From simply leaving a check strip to replicated trials, field-level data collection and analysis can be overwhelming.
For this episode of The Agronomists, host Lyndsey Smith is joined by Jenn Sabourin of Manitoba-based Antara Agronomy, and Aaron Breimer of Deveron, based near Chatham, Ontario. The three talk about field trial set up, data collection, and the all-important doing SOMETHING with the data.
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Disclaimer: we might not actually get to any clips tonight, because our guests for this episode did such a great job prepping us!
Bremer’s favourite piece of data has to do with soil testing
Sabourin’s favourite place to start is by asking about management practices
A slide that includes Nicholas Cage? Stay tuned!
Confirmation bias: when setting up trials, unconsciously looking for the answer that we were hoping for
Correlation does not equal causation (Ice cream sales vs shark attacks, Number of people who drowned by falling into a pool correlating with films that Nicholas Cage appeared in)
Setting up a trial in the spring… does seed get jammed in the ground a little too quick? Important to set the expectations and explain why the trial’s being done.
REPLICATIONS. That is all. But, really replications are incredibly important especially when the end data set can be affected so much by environmental conditions. (Editor’s note, can speak from personal experience in making the mistake of not replicating enough)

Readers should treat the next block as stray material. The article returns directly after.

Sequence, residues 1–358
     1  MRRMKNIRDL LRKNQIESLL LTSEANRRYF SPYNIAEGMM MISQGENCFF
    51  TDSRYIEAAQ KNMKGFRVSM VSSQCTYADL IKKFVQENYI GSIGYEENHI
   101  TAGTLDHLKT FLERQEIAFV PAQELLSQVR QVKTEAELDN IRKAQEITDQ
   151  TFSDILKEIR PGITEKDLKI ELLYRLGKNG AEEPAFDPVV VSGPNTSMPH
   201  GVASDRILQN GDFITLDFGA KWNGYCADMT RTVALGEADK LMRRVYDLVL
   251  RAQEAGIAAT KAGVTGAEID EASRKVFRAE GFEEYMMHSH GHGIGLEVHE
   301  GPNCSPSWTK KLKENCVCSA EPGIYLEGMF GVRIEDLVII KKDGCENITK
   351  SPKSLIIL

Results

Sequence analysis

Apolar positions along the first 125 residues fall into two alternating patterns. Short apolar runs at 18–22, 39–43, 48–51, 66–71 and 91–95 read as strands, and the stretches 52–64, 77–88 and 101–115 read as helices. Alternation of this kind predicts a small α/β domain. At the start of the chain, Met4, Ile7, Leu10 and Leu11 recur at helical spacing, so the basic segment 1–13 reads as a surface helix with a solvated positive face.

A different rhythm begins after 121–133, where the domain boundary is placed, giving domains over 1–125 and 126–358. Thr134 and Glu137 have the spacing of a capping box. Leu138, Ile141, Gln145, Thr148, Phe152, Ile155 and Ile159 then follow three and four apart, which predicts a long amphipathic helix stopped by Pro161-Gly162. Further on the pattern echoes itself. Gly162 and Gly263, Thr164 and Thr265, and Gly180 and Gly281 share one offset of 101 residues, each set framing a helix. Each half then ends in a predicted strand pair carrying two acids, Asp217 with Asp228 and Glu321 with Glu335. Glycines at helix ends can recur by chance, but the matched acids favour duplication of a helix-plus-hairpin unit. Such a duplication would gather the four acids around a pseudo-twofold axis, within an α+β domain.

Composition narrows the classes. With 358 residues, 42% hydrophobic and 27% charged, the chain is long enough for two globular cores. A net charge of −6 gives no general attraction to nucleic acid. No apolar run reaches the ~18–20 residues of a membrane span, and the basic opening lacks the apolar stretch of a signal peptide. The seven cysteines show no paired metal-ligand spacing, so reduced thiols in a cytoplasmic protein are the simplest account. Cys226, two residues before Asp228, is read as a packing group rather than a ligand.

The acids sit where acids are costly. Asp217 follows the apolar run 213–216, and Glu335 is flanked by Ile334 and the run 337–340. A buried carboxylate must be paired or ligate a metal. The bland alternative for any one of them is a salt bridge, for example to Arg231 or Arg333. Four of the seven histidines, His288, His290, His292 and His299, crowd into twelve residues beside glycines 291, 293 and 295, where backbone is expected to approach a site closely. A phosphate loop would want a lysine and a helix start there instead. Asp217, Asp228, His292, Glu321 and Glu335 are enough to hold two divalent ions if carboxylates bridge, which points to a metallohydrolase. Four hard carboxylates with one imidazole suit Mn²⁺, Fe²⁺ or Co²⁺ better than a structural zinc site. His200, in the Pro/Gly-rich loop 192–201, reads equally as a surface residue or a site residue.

How far apart can those replications be? Depends on the question or the objective. 20 miles could be a huge radius for some questions; weather could affect the trials too much with that big a range
Do the numbers make your head explode? Leave it to the experts…?
Randomized check strips.
Also, replicating trials over a few years, and not just treatments
What about using one field-length strip of each treatment? Breimer says you can’t run stats on it.
What if you’re a newbie, starting out, yield is a great piece of data to collect first, but what’s next? The next piece of info that’s most important to Breimer? Past management practices. Can learn so much from the farmer which can sometimes explain a lot. Sabourin says that equipment widths is really handy info for setting up trials. Treatments that are one full pass around, etc.
What is the minimum farm size to justify the cost of the technology needed to collect data?
What’s a good approach for outliers? “Scrubbing” data of weird numbers or really obvious data points that are really out there, they affect data and have to be dealt with a certain way
Data analysis isn’t easy
Calibrating equipment is really important.
With a drought year like 2021, or when there’s excess moisture, where do you draw the line of keeping that data, or punting it?